Spencer, D. (2023). Who draws the lines? All About Redistricting,, accessed 2/21/24. (Chart Data).

What are the rules about redistricting?

Brennan Center for Justice. (2023). Redistricting Litigation Roundup., accessed 2/21/24.

National Conference of State Legislatures. (2021). Redistricting and the Supreme Court: The Most Significant Cases., accessed 2/21/24.

Oyez. (n.d.). Allen v. Milligan, 599 US _. (2023)., accessed 2/21/24.

Whitaker, L. P. (2017). Congressional Redistricting Law: Background and Recent Court Rulings. Congressional Research Service., accessed 2/21/24.



Julia Acevedo (Intern) is a Political Science and Public Policy double major at Susquehanna University and is expected to graduate in May 2024 and pursue a Masters degree in Public Health.

Elijah Oaks (Intern) is a student at Dartmouth College. He is expected to graduate in May 2024 with a major in English and a minor in Religion. He is a Policy Fellow at The Cicero Institute.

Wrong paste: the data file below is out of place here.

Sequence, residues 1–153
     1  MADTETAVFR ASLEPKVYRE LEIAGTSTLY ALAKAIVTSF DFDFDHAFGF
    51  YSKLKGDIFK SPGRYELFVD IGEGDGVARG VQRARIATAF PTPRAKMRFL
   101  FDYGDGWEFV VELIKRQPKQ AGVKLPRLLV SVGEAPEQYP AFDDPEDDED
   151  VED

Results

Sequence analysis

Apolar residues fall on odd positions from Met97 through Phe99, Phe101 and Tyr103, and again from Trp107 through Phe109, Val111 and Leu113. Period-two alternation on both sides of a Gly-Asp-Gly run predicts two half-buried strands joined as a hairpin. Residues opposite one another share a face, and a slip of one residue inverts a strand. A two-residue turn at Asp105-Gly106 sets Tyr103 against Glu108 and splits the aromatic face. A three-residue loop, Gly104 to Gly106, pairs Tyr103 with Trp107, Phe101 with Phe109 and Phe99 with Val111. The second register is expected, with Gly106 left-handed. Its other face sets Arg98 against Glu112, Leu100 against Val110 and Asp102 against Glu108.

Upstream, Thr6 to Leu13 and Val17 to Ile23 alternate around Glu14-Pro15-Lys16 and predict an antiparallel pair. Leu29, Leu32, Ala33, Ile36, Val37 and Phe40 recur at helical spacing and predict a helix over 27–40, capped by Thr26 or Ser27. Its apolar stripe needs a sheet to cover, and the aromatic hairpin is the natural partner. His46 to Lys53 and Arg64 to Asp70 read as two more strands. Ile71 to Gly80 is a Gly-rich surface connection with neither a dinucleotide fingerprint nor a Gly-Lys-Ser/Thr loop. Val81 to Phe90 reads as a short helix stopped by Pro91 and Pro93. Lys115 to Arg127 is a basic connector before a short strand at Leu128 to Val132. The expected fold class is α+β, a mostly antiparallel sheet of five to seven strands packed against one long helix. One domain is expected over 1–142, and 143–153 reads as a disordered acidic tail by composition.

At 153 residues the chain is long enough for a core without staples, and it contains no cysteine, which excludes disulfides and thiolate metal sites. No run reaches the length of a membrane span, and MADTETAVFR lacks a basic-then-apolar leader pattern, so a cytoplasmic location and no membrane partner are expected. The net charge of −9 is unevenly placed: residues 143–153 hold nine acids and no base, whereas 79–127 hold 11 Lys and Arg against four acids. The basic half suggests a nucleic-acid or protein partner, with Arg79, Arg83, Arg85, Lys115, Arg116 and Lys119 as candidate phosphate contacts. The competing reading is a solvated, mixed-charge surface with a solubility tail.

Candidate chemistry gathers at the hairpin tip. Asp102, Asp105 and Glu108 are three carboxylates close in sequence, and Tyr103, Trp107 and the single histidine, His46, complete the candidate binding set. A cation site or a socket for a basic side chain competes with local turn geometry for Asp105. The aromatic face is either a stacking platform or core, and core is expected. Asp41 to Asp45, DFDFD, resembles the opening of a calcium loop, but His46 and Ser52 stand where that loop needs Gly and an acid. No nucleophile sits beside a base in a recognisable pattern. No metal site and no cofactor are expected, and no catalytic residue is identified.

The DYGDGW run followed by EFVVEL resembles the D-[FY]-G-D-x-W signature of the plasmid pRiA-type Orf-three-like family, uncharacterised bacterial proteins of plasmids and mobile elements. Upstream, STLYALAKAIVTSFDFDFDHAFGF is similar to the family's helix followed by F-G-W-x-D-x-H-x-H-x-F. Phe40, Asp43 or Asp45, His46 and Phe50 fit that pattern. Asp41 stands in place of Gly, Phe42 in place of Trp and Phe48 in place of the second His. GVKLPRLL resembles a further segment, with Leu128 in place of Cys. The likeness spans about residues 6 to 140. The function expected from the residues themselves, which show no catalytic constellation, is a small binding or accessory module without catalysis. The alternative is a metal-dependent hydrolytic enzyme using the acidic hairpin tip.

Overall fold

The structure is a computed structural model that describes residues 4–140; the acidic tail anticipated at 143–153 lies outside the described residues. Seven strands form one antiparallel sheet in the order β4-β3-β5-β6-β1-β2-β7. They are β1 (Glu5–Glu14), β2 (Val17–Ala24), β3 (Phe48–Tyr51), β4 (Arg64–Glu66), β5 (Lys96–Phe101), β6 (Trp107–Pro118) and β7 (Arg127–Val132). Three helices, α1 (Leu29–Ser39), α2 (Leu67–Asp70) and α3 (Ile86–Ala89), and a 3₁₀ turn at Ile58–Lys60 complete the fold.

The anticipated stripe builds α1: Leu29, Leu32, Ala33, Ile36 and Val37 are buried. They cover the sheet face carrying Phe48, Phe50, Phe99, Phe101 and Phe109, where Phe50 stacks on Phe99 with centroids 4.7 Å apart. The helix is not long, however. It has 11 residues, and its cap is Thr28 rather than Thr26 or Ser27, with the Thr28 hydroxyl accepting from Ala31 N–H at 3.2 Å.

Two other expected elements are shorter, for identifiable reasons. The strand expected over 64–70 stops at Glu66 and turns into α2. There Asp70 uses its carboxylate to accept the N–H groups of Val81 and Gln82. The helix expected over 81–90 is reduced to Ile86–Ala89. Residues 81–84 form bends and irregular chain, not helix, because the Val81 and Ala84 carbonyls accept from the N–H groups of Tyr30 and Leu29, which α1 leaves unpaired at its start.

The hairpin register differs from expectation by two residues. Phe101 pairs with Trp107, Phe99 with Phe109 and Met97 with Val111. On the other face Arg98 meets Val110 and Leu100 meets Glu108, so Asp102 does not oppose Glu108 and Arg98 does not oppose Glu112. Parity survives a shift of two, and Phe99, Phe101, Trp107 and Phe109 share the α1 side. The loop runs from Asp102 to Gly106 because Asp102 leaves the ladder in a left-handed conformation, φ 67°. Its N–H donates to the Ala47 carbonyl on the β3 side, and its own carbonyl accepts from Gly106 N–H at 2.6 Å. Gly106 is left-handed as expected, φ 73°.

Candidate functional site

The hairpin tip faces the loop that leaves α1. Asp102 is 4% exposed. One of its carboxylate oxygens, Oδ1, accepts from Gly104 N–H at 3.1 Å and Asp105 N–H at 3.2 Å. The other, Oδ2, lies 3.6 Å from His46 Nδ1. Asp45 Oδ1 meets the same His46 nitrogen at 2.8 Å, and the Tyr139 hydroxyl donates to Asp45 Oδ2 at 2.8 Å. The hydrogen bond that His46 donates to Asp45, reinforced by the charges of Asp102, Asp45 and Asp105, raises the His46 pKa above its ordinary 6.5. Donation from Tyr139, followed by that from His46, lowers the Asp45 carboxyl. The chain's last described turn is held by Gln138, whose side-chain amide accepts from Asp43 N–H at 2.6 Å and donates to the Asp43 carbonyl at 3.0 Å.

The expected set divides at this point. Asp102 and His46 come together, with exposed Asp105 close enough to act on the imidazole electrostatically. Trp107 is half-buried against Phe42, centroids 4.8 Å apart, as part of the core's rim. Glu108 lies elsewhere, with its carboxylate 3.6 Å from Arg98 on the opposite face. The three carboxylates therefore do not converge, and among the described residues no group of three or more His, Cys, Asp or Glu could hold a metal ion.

Mary Adams (Team Lead) is a graduate student in the Department of Political Science at Indiana University and holds a Masters in Public Administration from Western Kentucky University. Her research is in American politics and political psychology.

Cory Colby (Subject Matter Expert) is Professor of Political Science at Lone Star College in Houston, Texas, where he is also the Civic Engagement Program Coordinator. He received an MA in Political Science from Sam Houston State University and was a congressional staffer for Representative Kevin Brady. His research focuses on electoral institutions and voter turnout.

Dr. Nathaniel Birkhead (Content Lead) received his PhD in Political Science from Indiana University. He is Associate Professor of Political Science and Department Chair at Kansas State University. His research focuses on American politics, especially Congress and state legislatures. 

Dr. William Bianco (Research Director) received his PhD in Political Science from the University of Rochester. He is Professor of Political Science and Director of the Indiana Political Analytics Workshop at Indiana University. His current research is on representation, political identities, and the politics of scientific research.

Published: 5/7/24